He is a regular MC for Ruth O’Callaghan’s Lumen and Camden groups and also a regular reader at Peter Evans’ Poets Anonymous in Croydon – appearing on their Croydon FM radio programme twice. He has been a guest reader for Beyond…

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Denise Bundred – Litany of a Cardiologist

The first of Against the Grain Press poets for 2020…

Against the Grain Poetry Press

Denise Bundred 2019

We are thrilled to tell you more about Denise Bundred and her selected pamphlet, Litany of a Cardiologist, we’ll be publishing next year.

Denise trained as a paediatrician in Cape Town and worked as a consultant paediatric cardiologist at Alder Hey Children’s Hospital in Liverpool. She is a Fellow of the Royal College of Physicians and has an MA in Creative Writing from Liverpool John Moores University.

She won the Hippocrates Prize for Poetry and Medicine in 2016 and came second in 2019. Her poetry has appeared in The Hippocrates Prize Anthologies 2012 – 2019, The Book of Love and Loss (eds. J Hall and R.V. Bailey: 2014) and the Winchester Poetry Prize Anthology in 2016. A collection of her poems was commended by Indigo Press in the Geoff Stevens Memorial Poetry Prize Competition in 2018. She also has poems in Envoi, Magma and Under the…

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Announcing our 2020 poets

Against the Grain Poetry Press

It’s been a busy few months for us at Against the Grain. We are poets as well as publishers and collectively we’ve been finishing writing projects, launching books and keeping roofs over our heads. We have also been spending long hours reading the hundreds of submissions that came to us this year. We each read all of them to create a short list. We were full of a glowy gratitude for every submission. We – as poets ourselves – know the pain and effort it takes to put a collection together and then wait with everything crossed to get the results. We were really pleased and impressed with the sheer volume and quality that came to us. We made our selections – some we agreed on and some we argued over and fought for. We can safely say that in some cases we were within a hair’s breath of selecting…

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Please Step Aside So I can Write About the Living by Anna Saunders

Please Step Aside So I can Write About the Living

You need to get the dead out of your poems
you told me but here I am writing of how
a month before you left this earth

we stood together in the gallery and I saw you reflected
in the fictive space of a painting

your form, gleaming white and translucent
as thin frost, or a sleek gauze

floating on the back glass as if airborne
a premature, amorphous haunting
your ghost getting here ahead of you.

You, see-through, overlay an oil sky
which takes up almost all the canvas

a deep hued emptiness which consumes the artist’s vision.

In that huge starless heaven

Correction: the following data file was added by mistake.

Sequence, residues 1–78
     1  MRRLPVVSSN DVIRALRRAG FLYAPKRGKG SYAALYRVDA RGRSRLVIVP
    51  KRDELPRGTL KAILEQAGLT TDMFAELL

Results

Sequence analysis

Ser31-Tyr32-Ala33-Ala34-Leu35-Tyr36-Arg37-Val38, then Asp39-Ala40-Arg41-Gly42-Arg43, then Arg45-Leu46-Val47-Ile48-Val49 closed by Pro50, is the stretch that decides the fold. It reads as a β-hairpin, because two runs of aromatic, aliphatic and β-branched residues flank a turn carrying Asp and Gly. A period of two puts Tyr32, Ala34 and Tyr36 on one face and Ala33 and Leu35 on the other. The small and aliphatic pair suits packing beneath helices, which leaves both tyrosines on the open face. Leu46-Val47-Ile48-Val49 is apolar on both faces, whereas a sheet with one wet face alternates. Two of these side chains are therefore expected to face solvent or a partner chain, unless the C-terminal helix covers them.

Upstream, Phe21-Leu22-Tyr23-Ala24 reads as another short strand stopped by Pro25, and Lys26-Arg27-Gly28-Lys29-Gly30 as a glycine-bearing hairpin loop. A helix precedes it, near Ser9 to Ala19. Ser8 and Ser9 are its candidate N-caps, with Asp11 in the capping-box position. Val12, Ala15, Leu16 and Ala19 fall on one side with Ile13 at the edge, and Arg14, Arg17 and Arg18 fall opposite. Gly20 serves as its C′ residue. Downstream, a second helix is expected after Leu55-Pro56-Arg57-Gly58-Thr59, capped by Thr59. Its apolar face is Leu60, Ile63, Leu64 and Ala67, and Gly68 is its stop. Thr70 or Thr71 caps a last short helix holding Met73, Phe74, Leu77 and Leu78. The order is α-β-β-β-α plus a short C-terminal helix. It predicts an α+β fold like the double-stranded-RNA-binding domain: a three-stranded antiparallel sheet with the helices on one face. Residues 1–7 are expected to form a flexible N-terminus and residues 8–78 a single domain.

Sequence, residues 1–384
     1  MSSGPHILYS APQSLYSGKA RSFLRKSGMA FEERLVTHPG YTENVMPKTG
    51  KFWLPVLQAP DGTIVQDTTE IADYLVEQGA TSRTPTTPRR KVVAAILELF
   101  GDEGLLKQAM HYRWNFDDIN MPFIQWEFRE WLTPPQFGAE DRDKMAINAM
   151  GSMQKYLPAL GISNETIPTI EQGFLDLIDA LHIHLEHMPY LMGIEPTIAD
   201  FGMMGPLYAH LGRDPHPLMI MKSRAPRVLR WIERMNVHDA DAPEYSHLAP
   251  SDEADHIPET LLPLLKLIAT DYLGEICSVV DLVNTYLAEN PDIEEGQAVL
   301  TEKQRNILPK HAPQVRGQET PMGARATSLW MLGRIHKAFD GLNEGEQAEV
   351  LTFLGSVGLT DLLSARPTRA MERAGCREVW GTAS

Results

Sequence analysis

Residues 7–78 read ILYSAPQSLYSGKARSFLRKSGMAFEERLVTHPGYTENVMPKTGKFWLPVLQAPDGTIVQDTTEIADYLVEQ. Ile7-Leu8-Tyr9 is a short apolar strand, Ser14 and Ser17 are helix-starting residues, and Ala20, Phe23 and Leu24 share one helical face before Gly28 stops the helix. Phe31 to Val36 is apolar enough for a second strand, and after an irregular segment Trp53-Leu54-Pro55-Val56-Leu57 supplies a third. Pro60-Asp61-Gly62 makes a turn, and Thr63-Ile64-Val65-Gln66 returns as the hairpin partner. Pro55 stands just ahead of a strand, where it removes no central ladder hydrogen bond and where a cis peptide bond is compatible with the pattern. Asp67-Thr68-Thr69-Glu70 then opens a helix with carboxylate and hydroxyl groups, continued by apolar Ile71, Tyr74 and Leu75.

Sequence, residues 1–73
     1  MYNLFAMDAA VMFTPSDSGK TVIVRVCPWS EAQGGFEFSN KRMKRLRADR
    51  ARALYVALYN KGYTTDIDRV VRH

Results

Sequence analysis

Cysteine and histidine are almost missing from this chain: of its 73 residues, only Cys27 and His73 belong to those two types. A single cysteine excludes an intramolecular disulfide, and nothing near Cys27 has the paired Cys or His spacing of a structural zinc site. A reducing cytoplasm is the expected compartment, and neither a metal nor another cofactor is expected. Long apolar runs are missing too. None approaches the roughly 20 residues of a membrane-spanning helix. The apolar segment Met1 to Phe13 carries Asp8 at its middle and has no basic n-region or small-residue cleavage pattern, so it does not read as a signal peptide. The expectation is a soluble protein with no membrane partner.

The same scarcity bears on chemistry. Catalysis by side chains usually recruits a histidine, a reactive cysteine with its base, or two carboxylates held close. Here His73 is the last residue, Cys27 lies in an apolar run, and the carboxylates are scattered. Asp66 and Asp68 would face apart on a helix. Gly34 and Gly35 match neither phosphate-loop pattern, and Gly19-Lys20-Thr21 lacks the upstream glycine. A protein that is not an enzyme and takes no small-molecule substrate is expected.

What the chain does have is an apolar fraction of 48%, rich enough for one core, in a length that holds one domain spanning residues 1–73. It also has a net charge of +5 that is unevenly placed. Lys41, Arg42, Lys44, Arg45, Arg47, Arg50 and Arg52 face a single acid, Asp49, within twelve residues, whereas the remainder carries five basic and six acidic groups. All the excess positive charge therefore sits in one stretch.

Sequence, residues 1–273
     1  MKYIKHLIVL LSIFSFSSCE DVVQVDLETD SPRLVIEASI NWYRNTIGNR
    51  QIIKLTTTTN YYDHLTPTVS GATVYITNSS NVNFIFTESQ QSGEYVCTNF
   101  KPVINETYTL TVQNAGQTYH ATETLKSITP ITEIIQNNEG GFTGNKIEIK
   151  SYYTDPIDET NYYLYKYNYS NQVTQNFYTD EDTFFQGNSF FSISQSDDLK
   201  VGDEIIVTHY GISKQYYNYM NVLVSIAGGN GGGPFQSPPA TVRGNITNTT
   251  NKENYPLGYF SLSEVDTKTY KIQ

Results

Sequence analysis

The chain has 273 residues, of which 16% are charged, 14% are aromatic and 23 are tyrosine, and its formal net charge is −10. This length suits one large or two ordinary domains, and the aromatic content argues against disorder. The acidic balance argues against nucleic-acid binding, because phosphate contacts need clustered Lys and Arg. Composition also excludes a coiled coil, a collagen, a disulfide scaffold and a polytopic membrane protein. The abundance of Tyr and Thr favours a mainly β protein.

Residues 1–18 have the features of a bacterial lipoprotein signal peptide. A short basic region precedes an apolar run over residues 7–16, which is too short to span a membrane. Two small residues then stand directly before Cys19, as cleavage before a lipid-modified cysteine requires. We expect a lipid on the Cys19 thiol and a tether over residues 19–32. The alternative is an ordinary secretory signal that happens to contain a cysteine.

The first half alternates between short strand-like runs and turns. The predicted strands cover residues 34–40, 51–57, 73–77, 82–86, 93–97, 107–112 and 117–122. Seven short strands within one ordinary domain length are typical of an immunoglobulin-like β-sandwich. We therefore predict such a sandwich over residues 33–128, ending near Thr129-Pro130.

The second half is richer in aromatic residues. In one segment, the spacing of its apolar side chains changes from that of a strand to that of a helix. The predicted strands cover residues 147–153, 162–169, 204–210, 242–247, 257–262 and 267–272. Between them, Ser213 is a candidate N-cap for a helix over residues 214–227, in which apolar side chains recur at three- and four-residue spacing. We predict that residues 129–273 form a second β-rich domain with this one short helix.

a white dwelling is as diminished
as a tooth in a cavernous mouth
a moth flying in space.

Your steps are so light
as you walk nearer to me.

How brave to paint so much darkness, you say.

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Anna is a published poet, the author of Communion, (Wild Conversations Press), Struck (Pindrop Press), Kissing the She Bear (Wild Conversations Press), Burne Jones and The Fox (Indigo Dreams) and Ghosting for Beginners (Indigo Dreams) .

Anna is also the Executive Director of Cheltenham Poetry Festival and works as a creative writing tutor and mentor, a Communications Specialist, a journalist, broadcaster and a copywriter/editor. Her website: https://annasaunderswriter.co.uk/

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Big Sue, Muse Oozing by

Big Sue, Muse Oozing

Belly, breasts, ooze, a lava flow of flesh in gravity’s grasp, no room for dunnage; the sofa, plump itself in faded floral, reminds us of lounge furniture before its distant descendants, Danish chic, et al, sturdy, as needs be supporting 130kg. No mottled sunbeam shafts through a window, no need for effects, just a backcloth.

A book she shall write, and a kind of pseudo-fame, await. Her Job Centre clients, sad litany of losers sluicing down unemployment’s drain, many with her body shape but none regularly posing for an artist, entertained by his jokes, his cooking, his studied rudeness, would be amazed.

Wire-thin, crow-like, he stares at the canvas she can see, squeezes paint, glances at her, colours out her tattoos. His name, famous grandfather’s, resonates, but the work, the visionary artistic existence, this current lure, ‘flesh without muscle’, his ode, this disclosure of her life in splendid, sprawling impasto, impresses her.

She can’t know a Russian who also bought a football club, an oligarch ogling her, shall fork out a record price for a work by any living artist, this but one of several nude feasts featuring her, and whenever she looks at her leg it shall remind her of a leg in these paintings.

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Ian C Smith’s work has appeared in, Amsterdam Quarterly, Australian Poetry Journal, Critical Survey, Live Encounters, Poetry New Zealand, Southerly, & Two-Thirds North. His seventh book is wonder sadness madness joy, Ginninderra (Port Adelaide). He writes in the Gippsland Lakes area of Victoria, and on Flinders Island, Tasmania.

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Sarah James reviews Sophie Essex’s Some Pink Star

sophie essex

Some Pink Star
by Sophie Essex
Eibonvale Press
ISBN: 978-1-908125-75-0